The New Mexico Department of Human Services under the legislation will also receive money for emergency housing assistance; for $750 in direct payments to low-income households that did not receive a federal stimulus check in the spring; and assistance to New Mexico food banks.

Lawmakers also appropriated $10 million from the state’s general fund for contact tracing, testing and vaccine implementation, while an additional $200,000 will go to the Administrative Courts for costs associated with compliance with the public health orders.

Pirtle said Wednesday he thought the session and the bill were rushed, with limited opportunity afforded for debate.

Pirtle said he had several problems with the legislation. He introduced an amendment, which was ultimately voted down, that would insert language requiring money for emergency housing assistance be in the form of vouchers to landlords or lien holders of a property.

Opponents during debate on the amendment said the New Mexico Department of Finance and Administration already provides its housing payments in the form of vouchers, and so the amendment was unnecessary.

Pirtle also said he had misgivings about the $750 for low-income families who had not been eligible for stimulus checks in the spring.

One category of people who were not qualified to receive a federal relief check in the spring, Pirtle said, were undocumented residents.

“So I have some concern over how and what are some of those requirements going to be that they be residents of New Mexico,” he said.

In both the House and Senate, amendments were proposed that would cut in half to $600 the one-time payments to those on unemployment. Under the proposals, remaining money would be distributed to essential workers making $15 or less an hour who have not received any assistance during the pandemic.

The amendments were defeated in both chambers. Opponents of the amendments said such payments would require establishing a whole new program to distribute the money. However, they expressed a willingness to explore such a proposal during the regular January session.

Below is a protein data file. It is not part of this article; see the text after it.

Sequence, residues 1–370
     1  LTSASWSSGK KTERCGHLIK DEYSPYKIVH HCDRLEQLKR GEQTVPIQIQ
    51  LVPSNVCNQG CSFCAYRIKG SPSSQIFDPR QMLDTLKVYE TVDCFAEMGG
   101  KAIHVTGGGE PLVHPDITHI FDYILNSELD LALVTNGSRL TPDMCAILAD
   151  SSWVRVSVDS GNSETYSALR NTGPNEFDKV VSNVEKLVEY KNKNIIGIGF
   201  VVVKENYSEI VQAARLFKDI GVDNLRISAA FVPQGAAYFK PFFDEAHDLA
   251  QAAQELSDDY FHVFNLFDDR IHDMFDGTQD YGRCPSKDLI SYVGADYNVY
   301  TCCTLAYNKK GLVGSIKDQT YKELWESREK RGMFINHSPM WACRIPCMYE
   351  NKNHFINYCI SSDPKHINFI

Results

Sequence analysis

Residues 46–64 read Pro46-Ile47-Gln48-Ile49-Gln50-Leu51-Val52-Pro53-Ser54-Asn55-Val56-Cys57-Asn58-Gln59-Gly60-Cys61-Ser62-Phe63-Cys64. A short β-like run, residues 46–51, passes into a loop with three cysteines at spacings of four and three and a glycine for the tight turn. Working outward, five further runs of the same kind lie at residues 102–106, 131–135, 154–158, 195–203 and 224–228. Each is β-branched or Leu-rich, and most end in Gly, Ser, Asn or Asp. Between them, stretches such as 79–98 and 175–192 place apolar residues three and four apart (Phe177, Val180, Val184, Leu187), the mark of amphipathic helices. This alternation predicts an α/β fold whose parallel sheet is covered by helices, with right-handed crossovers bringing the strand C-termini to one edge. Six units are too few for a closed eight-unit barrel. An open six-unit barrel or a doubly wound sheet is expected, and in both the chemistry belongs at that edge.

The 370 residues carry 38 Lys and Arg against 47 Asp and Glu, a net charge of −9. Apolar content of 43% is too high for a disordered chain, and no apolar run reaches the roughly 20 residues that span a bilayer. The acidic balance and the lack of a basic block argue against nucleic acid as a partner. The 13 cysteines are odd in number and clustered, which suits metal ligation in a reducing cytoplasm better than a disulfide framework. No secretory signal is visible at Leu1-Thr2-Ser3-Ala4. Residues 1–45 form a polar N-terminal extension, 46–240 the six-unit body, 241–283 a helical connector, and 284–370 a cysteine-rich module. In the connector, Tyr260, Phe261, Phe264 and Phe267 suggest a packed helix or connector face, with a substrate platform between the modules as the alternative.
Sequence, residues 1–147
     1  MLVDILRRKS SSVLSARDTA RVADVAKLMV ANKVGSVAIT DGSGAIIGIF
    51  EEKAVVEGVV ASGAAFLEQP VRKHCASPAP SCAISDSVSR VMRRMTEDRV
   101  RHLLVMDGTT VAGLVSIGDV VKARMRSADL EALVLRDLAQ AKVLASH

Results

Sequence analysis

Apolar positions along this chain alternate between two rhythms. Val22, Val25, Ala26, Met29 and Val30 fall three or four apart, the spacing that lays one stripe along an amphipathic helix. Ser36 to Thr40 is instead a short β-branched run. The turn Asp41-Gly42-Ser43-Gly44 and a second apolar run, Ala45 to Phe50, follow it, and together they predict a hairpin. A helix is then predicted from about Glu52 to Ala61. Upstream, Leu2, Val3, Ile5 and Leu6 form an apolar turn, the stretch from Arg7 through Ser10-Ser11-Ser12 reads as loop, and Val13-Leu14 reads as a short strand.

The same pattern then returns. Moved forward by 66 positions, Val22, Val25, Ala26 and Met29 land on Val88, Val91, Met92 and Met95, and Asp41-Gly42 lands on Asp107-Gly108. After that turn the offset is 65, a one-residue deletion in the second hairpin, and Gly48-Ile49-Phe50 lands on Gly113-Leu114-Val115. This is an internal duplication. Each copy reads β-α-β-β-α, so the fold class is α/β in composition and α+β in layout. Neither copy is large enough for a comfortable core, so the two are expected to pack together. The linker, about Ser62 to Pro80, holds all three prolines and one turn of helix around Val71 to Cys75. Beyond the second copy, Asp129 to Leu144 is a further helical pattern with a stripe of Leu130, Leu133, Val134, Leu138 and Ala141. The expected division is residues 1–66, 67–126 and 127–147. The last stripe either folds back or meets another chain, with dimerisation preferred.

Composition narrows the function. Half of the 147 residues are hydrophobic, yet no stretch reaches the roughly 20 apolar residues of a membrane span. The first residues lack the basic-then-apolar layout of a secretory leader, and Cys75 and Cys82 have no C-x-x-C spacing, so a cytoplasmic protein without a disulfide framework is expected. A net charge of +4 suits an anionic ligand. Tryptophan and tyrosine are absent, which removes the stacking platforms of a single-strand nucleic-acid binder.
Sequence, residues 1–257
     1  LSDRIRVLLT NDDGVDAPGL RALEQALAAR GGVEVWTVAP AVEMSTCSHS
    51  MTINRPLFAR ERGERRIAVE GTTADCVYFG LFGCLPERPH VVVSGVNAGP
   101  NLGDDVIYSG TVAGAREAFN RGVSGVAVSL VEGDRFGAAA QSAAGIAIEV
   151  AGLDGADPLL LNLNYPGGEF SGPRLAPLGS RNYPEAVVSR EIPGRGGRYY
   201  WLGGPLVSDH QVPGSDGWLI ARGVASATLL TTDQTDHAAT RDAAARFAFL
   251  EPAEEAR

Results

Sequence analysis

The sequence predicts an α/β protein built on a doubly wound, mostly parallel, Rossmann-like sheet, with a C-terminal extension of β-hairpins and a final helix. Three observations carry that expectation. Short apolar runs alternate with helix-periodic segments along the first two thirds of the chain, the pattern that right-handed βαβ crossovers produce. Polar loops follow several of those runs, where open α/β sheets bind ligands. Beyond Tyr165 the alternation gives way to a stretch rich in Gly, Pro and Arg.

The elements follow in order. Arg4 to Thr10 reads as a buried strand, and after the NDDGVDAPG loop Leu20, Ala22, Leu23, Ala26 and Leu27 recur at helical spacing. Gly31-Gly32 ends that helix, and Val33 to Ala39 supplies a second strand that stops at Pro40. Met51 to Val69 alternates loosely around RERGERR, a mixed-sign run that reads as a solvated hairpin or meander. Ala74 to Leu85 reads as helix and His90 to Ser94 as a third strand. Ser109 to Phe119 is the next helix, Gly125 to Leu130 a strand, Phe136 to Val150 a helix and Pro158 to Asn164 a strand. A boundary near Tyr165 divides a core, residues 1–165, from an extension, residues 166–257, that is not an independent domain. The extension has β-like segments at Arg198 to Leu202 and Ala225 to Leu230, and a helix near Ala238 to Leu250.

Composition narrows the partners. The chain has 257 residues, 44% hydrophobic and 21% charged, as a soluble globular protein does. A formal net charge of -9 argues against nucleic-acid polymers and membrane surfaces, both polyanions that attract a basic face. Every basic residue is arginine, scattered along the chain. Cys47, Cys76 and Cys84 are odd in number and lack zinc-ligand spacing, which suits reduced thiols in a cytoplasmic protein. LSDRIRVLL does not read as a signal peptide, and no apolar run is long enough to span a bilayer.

Nibert and other lawmakers said the payments to essential workers should have been included.

“It really saddens me that we could not help the New Mexicans who have worked hard through this pandemic and have gone to work day in and day out, yet we are ignoring them in this legislation,” he said.

Debate over the legislation was also used by some as an occasion to criticize the state’s handling of the pandemic.

Townsend, speaking on the floor, said the relief package was important because many people in New Mexico are hurting both as a result of the virus and the impact that Lujan Grisham’s public health orders are having on the economy.

He accused the executive branch of basing the state’s emergency health orders on “arbitrary rules with little science” and lamented that people who are tested for COVID-19 are having to wait seven to 12 days to get test results back.

“I would tell you that we really need to look at what we are doing and how we are doing it and quit imposing pain,” he said.

Breaking news reporter Alex Ross can be reached at 575-622-7710, ext. 301 or breakingnews@rdrnews.com.

To keep up with local coverage of the coronavirus, go to rdrnews.com/category/news/covid-19-situation/.